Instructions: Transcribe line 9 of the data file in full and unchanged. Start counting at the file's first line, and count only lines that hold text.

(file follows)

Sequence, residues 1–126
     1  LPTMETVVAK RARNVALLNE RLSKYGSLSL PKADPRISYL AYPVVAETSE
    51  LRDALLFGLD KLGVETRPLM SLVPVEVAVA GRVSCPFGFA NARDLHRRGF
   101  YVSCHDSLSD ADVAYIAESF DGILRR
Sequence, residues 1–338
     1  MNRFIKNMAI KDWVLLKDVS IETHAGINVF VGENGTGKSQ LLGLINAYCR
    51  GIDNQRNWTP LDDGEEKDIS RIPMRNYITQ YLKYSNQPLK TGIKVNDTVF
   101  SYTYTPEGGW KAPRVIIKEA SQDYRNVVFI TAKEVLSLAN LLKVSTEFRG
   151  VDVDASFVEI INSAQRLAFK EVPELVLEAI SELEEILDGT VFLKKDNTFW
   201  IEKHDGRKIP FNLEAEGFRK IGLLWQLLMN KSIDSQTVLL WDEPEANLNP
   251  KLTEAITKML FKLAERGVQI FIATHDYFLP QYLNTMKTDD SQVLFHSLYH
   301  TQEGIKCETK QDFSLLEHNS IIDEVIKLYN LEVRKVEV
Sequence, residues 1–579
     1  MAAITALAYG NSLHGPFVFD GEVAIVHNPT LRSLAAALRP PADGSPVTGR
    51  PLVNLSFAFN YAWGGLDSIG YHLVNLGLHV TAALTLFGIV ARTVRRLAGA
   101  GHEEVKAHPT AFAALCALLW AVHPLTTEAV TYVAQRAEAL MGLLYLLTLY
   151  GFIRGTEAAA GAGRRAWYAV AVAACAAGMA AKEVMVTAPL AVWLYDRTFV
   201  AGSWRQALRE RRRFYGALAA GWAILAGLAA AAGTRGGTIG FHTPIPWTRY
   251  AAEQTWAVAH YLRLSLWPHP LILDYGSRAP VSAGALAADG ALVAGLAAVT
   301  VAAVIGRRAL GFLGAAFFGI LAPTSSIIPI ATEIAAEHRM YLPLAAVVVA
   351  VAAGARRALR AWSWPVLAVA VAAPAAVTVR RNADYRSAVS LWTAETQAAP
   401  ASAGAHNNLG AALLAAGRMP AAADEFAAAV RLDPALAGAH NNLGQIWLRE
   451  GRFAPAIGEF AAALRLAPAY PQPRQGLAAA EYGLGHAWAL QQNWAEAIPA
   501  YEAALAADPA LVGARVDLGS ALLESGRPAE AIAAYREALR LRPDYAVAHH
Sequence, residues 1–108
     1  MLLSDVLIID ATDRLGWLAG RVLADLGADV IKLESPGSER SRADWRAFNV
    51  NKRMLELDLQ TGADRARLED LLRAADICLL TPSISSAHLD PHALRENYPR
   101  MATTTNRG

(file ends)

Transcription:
   151  VDVDASFVEI INSAQRLAFK EVPELVLEAI SELEEILDGT VFLKKDNTFW